• 3. March 2009 1-56432-449-4 Please, do not make us suffer any more Access to Pain Treatment as a Human Right Executive Summary............................................................................................................................ 1 Background: Pain in the World Today.................................................................................................5 Prevalence of Pain ....................................................................................................................... 5 The Impact of Pain ...................................................................................................................... 6 Pain Management: Elements, Effectiveness, Cost ......................................................................... 7 Widespread Consensus: Pain Relief Medications Must Be Available ............................................ 9 The Pain Treatment Gap ............................................................................................................. 11 Pain Treatment, Palliative Care and Human Rights ........................................................................... 13 Health as a Human Right............................................................................................................ 13 Pain Treatment and the Right to Health ...................................................................................... 14 Pain Treatment and the Right to Be Free from Cruel, Inhuman and Degrading Treatment ............. 15 Obstacles to Provision of Pain Treatment and Palliative Care ........................................................... 17 Failure to Ensure Functioning and Effective Supply System ......................................................... 18 Failure to Enact Palliative Care and Pain Treatment Policies ........................................................ 23 Lack of Training for Healthcare Workers...................................................................................... 25 Excessively Restrictive Drug Control Regulations or Enforcement Practices ................................ 26 Fears of Legal Sanction .............................................................................................................. 33 Cost........................................................................................................................................... 35 Breaking Out of the Vicious Cycle of Under-Treatment .................................................................... 38 Uganda......................................................................................................................................38 Vietnam .....................................................................................................................................39 Recommendations ........................................................................................................................... 41 To governments around the world .............................................................................................. 41 To global drug policy makers ..................................................................................................... 43 To WHO, UNAIDS, and the donor community .............................................................................. 43 To the global human rights community ......................................................................................44 Acknowledgements.......................................................................................................................... 45
  • 4. Executive Summary For two days I had agonizing pain in both the back and front of my body. I thought I was going to die. The doctor said that there was no need to medicate my pain, that it was just a hematoma and that the pain would go away by itself. I was screaming all through the night. An Indian man describing his stay in hospital immediately after a construction site accident in which he sustained spinal cord trauma.1 Cancer is killing us. Pain is killing me because for several days I have been unable to find injectable morphine in any place. Please Mr. Secretary of Health, do not make us suffer any more A classified ad placed in a Colombian newspaper in September 2008 by the mother of a woman with cervical cancer.2 Physicians are afraid of morphine Doctors [in Kenya] are so used to patients dying in painthey think that this is how you must die. They are suspicious if you dont die this way [and feel] that you died prematurely. Physician at hospice in Kenya.3 In 1961, the world community adopted an international agreementthe 1961 Single Convention on Narcotic Drugsthat proclaimed narcotic drugsindispensible for the relief of pain and suffering and instructed countries to make adequate provision to ensure their availability for medical needs. Today, almost fifty years later, the promise of that agreement remains largely unfulfilled, particularlybut not onlyin low and middle income countries. In September 2008, the World Health Organization (WHO) estimated that approximately 80 percent of the world population has either no or insufficient access to treatment for moderate to severe pain and that every year tens of millions of people around the world, including around four million cancer patients and 0.8 million HIV/AIDS patients at the end of their lives suffer from such pain without treatment. 1 Human Rights Watch interview, Kerala, India, March 20, 2008. The name of the patient is withheld for reasons of privacy. 2 The ad appeared in the newspaper El Pais in Cali, Colombia, on September 12, 2008. 3 Human Rights Watch interview with Dr. Weru of Nairobi Hospice, Nairobi, Kenya, June 2007. 1 Human Rights Watch | March 2009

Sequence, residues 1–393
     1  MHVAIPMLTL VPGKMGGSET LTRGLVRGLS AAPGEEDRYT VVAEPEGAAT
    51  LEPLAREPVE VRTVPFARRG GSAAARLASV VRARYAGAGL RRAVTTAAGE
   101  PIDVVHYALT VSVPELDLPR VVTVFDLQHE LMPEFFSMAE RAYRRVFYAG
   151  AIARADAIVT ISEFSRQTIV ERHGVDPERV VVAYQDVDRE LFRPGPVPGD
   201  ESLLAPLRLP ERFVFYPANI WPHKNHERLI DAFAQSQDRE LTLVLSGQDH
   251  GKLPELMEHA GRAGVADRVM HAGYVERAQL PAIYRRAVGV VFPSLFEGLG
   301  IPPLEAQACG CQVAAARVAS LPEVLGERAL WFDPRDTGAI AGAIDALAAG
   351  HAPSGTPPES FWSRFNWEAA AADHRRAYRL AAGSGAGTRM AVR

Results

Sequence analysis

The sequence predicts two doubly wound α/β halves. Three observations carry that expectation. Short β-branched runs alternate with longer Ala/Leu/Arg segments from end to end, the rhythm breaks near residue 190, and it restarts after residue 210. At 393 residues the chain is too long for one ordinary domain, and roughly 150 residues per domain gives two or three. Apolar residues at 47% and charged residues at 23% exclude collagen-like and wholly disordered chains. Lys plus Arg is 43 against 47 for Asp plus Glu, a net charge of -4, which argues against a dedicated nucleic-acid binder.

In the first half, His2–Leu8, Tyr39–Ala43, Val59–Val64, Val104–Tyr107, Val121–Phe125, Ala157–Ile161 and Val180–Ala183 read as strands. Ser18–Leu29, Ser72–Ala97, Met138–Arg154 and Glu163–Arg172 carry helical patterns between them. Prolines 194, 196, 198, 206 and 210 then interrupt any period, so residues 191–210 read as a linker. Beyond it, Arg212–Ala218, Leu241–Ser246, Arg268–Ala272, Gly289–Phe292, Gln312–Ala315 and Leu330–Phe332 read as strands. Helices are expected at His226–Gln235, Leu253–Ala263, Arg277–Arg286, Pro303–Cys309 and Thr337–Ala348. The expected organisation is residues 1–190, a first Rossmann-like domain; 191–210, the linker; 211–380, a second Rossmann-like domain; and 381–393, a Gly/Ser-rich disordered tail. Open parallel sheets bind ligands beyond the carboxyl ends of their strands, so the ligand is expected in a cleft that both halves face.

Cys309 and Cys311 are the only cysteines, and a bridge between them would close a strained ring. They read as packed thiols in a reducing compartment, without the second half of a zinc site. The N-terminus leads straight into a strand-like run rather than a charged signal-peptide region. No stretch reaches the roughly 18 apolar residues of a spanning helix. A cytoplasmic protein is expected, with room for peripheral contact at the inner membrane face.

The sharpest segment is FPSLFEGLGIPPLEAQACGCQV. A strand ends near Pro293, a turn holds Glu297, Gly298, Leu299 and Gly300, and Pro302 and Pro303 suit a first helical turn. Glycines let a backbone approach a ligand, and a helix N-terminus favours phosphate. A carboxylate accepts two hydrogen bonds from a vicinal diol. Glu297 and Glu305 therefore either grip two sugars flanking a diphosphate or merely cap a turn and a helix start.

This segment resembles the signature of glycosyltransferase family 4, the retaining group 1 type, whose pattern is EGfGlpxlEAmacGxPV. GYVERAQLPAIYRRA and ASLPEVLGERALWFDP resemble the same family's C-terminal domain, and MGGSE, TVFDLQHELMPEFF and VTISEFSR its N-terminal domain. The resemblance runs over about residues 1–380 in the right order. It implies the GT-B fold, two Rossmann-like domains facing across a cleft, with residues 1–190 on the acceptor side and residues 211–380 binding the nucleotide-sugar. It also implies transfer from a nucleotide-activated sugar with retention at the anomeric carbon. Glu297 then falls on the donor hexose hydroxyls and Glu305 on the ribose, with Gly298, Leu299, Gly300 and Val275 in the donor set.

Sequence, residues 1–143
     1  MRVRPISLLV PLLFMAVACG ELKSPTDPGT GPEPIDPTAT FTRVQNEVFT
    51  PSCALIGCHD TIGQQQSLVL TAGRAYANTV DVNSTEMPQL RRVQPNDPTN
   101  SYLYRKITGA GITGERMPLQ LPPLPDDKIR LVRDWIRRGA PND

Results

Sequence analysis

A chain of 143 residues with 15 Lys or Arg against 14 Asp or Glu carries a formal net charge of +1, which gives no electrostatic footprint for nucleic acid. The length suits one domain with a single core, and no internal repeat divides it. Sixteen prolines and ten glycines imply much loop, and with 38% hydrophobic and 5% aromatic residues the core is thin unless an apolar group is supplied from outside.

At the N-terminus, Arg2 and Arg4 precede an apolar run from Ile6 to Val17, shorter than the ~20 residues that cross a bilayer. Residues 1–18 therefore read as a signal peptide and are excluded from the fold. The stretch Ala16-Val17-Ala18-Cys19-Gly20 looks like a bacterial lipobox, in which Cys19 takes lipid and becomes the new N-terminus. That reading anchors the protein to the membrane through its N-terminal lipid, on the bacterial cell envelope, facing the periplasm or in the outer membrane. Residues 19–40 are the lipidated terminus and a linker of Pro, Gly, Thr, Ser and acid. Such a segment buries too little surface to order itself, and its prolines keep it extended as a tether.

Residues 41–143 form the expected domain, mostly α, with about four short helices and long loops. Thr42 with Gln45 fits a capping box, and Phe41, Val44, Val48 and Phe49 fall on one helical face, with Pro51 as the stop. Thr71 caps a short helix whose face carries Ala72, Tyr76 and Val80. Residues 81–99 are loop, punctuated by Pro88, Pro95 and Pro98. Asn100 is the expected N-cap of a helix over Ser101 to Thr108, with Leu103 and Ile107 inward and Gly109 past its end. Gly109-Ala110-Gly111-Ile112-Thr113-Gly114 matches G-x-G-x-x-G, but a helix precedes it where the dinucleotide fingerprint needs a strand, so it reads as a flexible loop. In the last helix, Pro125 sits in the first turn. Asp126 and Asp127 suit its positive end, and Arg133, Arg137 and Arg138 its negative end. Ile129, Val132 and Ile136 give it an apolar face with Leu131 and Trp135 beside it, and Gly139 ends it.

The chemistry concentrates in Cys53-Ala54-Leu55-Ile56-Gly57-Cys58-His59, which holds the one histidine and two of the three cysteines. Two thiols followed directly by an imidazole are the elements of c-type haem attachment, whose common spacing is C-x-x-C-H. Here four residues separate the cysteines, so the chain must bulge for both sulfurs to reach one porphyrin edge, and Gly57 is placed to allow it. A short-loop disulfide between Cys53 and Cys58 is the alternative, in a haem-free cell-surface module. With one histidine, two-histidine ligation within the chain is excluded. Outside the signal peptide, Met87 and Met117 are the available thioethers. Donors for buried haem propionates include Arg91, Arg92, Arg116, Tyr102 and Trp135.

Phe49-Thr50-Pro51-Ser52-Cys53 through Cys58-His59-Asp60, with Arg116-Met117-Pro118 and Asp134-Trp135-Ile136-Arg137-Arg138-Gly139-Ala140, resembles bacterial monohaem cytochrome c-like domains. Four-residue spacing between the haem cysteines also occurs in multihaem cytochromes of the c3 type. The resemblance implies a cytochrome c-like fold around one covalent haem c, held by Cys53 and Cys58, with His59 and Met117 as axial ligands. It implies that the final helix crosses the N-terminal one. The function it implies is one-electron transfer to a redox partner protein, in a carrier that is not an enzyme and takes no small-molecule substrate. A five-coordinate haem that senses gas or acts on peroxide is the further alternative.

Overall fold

• 5. The poor availability of pain treatment is both perplexing and inexcusable. Pain causes terrible suffering yet the medications to treat it are cheap, safe, effective and generally straightforward to administer. Furthermore, international law obliges countries to make adequate pain medications available. Over the last twenty years, the WHO and the International Narcotics Control Board (INCB), the body that monitors the implementation of the UN drug conventions, have repeatedly reminded states of their obligation. But little progress has been made in many countries. Under international human rights law, governments must address a major public health crisis that affects millions of people every year. They must take steps to ensure that people have adequate access to treatment for their pain. At a minimum, states must ensure availability of morphine, the mainstay medication for the treatment of moderate to severe pain, because it is considered an essential medicine that should be available to all persons who need it and is cheap and widely available. Failure to make essential medicines available or to take reasonable steps to make pain management and palliative care services available will result in a violation of the right to health. In some cases, failure to ensure patients have access to treatment for severe pain will also give rise to a violation of the prohibition of cruel, inhuman and degrading treatment. There are many reasons for the enormity of the gap between pain treatment needs and what is delivered, but chief among them is a shocking willingness by many governments around the world to passively stand by as people suffer. Few governments have put in place effective supply and distribution systems for morphine; they have no pain management and palliative care policies or guidelines for practitioners; they have excessively strict drug control regulations that unnecessarily impede access to morphine or establish excessive penalties for mishandling it; they do not ensure healthcare workers get instruction on pain management and palliative care as part of their training; and they do not make sufficie